From that perspective martial arts and self-defense training is all about pushing the power to the students. On every level. Physical fitness, of course. Technical skill, surely. But "Knowledge is power" as well, and so is awareness and understanding. If the goal is really self-defense, then the goal of instruction is to increase each and every student's power until they can not be pushed to the prey side of the predator prey dynamic. So that they are strong enough to have a choice. Always.
It's a fantasy. There is no "always." Regardless of who you are or how you train, there are levels of violence that can squash you like a bug on a windshield. There are confluences of timing and incidents and threats that can negate whatever advantages you bring to the table. there is no "safe", only safer. And that is knowledge, and in that knowledge is some power, if you can understand and use it.
It is only a fantasy of degree, though. I can't make you invincible. I can make you a harder target.
This is the way things should be... if the training is about the student. If you are not, as a student, getting stronger, smarter, faster and more aware each and every practice the training may not be about you. It might be about the style, if the emphasis is on rigid ideals of perfection. It might also be about the instructor, about he or she maintaining power. That will not serve you well.
In a vain attempt not to hurt anyone's feelings, I'm going to talk about myself here. Martially, I'm pretty competent. Ask around with people who have crossed hands with me to get an idea of what that means, since I'm too close to judge. But anyone I have trained for a year should present a serious physical threat to me. If we were to close without safety rules, I would be in serious danger.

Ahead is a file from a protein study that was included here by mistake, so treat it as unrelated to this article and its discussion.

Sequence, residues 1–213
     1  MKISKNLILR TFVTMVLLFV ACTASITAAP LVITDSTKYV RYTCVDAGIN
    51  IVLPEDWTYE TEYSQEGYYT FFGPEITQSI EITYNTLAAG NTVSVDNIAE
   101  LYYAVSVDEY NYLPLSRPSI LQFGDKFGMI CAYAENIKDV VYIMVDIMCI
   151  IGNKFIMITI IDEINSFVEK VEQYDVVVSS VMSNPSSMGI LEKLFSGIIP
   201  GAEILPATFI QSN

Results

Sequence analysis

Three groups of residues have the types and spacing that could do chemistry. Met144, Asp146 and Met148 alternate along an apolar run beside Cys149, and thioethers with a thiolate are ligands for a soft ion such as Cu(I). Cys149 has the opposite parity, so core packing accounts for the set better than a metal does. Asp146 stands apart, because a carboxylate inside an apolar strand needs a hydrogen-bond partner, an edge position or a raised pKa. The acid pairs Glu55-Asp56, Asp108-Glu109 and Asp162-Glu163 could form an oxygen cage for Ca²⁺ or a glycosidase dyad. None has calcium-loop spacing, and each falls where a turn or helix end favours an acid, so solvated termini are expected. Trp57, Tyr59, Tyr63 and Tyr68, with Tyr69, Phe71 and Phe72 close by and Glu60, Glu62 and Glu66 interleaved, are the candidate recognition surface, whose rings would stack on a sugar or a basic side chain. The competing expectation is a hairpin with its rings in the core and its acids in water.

If I can't get someone to that point in a year or at most two, I'm either 1) a shitty teacher; 2) don't understand what I know well enough to teach it or; 3) I'm holding the student back, denying them power (which they may need in the real world to keep breathing) to maintain my own power in the little bullshit world of the training hall.
That's a little different for sports-based arts. Competition allows for a very narrow but deep game. Something like chess. It's even somewhat different for traditional arts, in that the progression of teaching is set, and so there are some things that you gain in steps (necessary or not).
But if someone claims to be teaching you to fight or teaching you to defend yourself and you are helpless after 3 or five or ten years, there is something wrong. Something serious. If the tactics that so impressed you when you were young and naive still work (or, worse, you can't pull them off yourself yet)... give it some thought. If the rules get tighter as you get better, or if you are forbidden to win by any method than the ones you have been shown, it is not about empowering you. It is about something else.
Am I saying you should be as good as your instructor after two years? No. Insight, connections, integration and other things all increase with experience. I don't expect my students to be able to beat me after a year. But I would be ashamed if they could not hurt me. If they didn't have at minimum the power to make me pay for a victory. If I could still beat them easily.